Using Dates in Formulas

If you enter dates in your worksheet in a proper date format, rather than a text format, you can use these cell references in formulas. For example, you may wish to determine what 60 days is from a previous date or how old a date is from the current date.

In order to understand how dates work you must first understand that each day is represented as a number. Day 1 was January 1, 1900. Day 2 was January 2, 1900, etc. January 1, 2008 is day 39,448.

You can determine the number of a date simply by formatting it as a number rather than as a date. Complete the following exercise to learn how dates work and why and how you can use them in formulas.

Try This...

To best understand date numbers, try this example. First we need to enter some dates to work with.

  1. In a new worksheet, press Ctrl+; to enter today's date


  2. Use the AutoFill handle to fill the series down to cell A12 (the dates should continue by 11 more days/dates).


  3. Widen the column if need be.


  4. We will copy this data to the next column so that we can format the display of the values differently in each column. Use the AutoFill handle to copy A1:A12 to B1:B12. Again you may need to widen column B. So far your results should look like this (but displaying different dates, of course). Notice that columns A and B contain the same values.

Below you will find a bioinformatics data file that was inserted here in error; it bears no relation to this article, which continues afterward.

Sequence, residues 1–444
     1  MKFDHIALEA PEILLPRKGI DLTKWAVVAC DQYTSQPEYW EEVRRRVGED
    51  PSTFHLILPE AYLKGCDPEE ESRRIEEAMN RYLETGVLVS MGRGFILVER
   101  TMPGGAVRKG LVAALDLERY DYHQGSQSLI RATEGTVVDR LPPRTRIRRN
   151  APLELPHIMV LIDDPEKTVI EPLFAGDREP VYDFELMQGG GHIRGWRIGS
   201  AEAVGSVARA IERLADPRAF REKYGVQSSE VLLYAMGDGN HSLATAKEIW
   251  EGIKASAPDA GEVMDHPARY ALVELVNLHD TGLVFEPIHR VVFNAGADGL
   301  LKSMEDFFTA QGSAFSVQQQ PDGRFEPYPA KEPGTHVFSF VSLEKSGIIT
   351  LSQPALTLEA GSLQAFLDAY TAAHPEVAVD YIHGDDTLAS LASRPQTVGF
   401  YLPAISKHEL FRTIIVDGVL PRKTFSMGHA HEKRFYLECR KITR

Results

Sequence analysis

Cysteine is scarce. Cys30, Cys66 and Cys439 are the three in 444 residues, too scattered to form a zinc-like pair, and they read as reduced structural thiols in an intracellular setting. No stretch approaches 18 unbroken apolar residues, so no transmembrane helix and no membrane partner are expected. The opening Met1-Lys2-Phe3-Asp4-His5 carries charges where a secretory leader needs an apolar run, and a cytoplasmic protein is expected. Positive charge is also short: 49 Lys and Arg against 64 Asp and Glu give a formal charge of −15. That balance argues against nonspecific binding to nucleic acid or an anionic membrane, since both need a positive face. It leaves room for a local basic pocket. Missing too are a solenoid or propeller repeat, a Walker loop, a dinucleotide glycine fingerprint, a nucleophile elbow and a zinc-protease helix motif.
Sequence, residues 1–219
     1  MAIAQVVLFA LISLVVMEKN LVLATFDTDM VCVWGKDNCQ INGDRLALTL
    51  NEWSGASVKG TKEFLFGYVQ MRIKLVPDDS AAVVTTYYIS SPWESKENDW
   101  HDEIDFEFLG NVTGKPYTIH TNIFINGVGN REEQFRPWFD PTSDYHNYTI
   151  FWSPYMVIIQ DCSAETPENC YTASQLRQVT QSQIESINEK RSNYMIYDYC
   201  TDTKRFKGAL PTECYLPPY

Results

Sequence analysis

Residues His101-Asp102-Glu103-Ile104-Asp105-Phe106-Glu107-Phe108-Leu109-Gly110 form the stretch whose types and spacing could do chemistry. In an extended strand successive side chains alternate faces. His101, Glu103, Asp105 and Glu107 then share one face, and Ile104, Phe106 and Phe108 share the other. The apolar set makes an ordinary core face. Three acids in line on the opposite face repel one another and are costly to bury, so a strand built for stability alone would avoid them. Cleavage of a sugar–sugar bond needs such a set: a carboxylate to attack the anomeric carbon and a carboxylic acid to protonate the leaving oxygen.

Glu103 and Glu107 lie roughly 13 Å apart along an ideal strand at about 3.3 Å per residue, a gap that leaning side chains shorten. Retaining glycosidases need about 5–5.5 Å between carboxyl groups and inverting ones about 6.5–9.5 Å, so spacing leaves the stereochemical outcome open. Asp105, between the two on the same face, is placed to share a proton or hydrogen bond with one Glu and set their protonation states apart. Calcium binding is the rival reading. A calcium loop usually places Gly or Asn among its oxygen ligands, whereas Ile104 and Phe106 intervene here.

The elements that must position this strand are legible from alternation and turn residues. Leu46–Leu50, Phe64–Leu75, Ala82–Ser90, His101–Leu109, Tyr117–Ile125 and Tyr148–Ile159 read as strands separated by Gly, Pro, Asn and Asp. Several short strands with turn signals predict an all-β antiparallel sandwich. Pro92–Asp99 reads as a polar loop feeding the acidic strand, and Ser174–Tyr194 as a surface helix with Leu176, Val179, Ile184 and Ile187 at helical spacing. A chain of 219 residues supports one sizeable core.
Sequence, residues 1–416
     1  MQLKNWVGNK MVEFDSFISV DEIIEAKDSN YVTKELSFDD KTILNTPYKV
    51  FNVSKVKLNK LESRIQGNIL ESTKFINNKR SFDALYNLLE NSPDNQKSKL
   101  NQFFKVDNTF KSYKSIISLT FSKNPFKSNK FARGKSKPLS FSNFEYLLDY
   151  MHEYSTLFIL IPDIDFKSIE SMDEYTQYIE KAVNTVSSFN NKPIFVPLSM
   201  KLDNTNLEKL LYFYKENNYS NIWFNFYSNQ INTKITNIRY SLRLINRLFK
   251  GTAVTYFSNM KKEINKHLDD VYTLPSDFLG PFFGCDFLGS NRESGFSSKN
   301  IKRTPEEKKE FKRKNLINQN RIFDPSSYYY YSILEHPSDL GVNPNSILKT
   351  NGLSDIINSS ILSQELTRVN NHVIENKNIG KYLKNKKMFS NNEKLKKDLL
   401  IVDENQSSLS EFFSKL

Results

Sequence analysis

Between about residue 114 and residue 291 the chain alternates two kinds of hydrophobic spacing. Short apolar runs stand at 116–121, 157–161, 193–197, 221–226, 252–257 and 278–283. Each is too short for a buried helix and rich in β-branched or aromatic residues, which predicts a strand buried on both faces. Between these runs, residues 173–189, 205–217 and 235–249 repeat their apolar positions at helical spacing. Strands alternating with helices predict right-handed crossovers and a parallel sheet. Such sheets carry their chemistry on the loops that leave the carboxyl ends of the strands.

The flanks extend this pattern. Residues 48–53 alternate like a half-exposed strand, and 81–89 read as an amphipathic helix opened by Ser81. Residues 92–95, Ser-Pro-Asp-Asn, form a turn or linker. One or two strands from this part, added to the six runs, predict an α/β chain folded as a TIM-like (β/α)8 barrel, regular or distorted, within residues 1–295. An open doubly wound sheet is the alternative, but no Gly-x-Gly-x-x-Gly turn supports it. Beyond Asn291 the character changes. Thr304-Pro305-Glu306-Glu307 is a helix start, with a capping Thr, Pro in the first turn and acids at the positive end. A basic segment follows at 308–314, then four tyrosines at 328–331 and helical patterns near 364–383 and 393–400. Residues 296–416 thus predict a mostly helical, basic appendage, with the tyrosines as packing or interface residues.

5. Select column A and format it to display in the Long Date format.

    1. Select column A (click on the A column header)
    2. Display the Home ribbon and click on the drop list button in the top field within the number area . button
    3. Select the Long Date format.


  6. Select column B to format it using the General format. This setting will display the dates as numbers.


    1. Select column B (click on the B column header)
    2. Display the Home ribbon and click on the drop list button in the top field within the number area . button
    3. Select the General format. Notice that each date is represented by a sequential number.


    Understand that the data in both columns is identical, only the formatting is different.

  7. We will now add a simple formula to determine what the date is 60 days from each cell.

    1. In cell C1 enter A1+60 then press Enter.
    2. Use AutoFill to copy the formula down to cell C12. You may need to widen column C. Your results will look like this (but with different dates).
    3. We could have used cell B1 rather than A1 in the formula (because the data is identical); however, by using A1, Excel knew to show the results in a long date format rather than a general format.

Additional References